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LaMP Trainee Spotlights

Spotlight on LaMP Trainees

LaMP T32 trainees are making an impact in the neuroscience community! See the Trainee Spotlights below to learn more about their amazing achievements and the important contributions they are making toward understanding and treating LaMP disorders.

Rose DeKock, NGG PhD Candidate, LaMP trainee (2020-21) and Professor for the Future (2021-22).

Rose DeKock named as a "Professor for the Future"

Posted by Ashley Hodel on May 20, 2021

Neuroscience graduate student, Rose DeKock, was recently selected as one of fifteen 2021-2022 fellows in the Professors for the Future program at UC Davis. Professors for the Future is a highly competitive fellowship program designed to develop the leadership skills of graduate students and postdoctoral scholars who have demonstrated their commitment to professionalism, integrity, and academic service.

The year-long program prepares participating to face the future challenges of graduate education, postdoctoral training, and the academy. Professors for the Future is designed to prepare UC Davis doctoral students and postdoctoral scholars for a rapidly changing university environment through monthly seminars, an annual retreat, and courses on teaching pedagogy and ethics and professionalism in higher education. 

Rose is a graduate student working with Drs. Wilsaan Joiner and Julie Schweitzer to study the link between cognition and action in an ADHD population.


Nicole Claiborne, NGG PhD Candidate, HHMI Gilliam Fellow and LaMP trainee (2018-19)

Nicole Claiborne Awarded a Gilliam Fellowship from the Howard Hughes Medical Institute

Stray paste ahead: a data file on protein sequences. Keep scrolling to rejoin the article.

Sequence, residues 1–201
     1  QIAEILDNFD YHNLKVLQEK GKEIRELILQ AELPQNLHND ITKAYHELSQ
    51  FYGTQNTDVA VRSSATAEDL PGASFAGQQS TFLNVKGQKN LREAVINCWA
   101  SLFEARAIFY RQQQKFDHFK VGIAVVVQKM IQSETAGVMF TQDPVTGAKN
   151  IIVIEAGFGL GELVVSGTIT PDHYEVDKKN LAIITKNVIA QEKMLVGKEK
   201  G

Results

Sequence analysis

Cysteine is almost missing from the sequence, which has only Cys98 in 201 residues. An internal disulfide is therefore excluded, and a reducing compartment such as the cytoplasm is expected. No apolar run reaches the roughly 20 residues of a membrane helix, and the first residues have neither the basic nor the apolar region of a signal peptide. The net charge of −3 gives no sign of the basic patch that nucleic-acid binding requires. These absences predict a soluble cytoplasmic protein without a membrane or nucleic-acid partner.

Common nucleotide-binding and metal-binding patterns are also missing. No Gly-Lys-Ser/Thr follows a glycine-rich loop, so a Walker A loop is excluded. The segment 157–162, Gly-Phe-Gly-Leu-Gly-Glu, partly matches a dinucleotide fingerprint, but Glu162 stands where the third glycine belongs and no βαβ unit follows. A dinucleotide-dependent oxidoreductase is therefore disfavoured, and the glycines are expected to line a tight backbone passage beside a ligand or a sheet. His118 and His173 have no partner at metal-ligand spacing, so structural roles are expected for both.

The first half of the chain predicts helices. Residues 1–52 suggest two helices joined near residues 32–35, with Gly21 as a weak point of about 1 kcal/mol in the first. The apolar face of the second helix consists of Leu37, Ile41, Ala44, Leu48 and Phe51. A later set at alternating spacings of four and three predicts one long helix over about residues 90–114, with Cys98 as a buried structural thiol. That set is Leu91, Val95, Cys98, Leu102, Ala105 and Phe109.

Posted by Ashley Hodel on August 21, 2020

Former LaMP trainee, Nicole Claiborne, and her mentor, Dr. Karen Zito, were one of 45 doctoral student- adviser pairs selected by The Howard Hughes Medical Institute (HHMI) to receive a Gilliam Fellowship for Advanced Study

The Gilliam program was created in 2004 by HHMI with the goal of increasing the diversity of scientists at the college and university faculty level.

For Nicole, the Gilliam Fellowship has profound meaning. "This award is truly an honor and will help me so much with my career goals. The HHMI Gilliam fellowship provides students like me with resources to become scientific leaders and create more inclusive and healthy research environments. I'll have the opportunity to TA, attend workshops, and interact with other fellows from a wide array of diverse background. I hope to shape all of these experiences into a teaching career where I can support and inspire students from similarly underrepresented and underprivileged backgrounds to become the next generation of scientific leaders."

Nicole's primary research is focused on understanding glutamatergic signaling in dendritic spine stability. She is pursuing a Ph.D with the Neuroscience Graduate group and was a member of the LaMP training program from 2018-2019.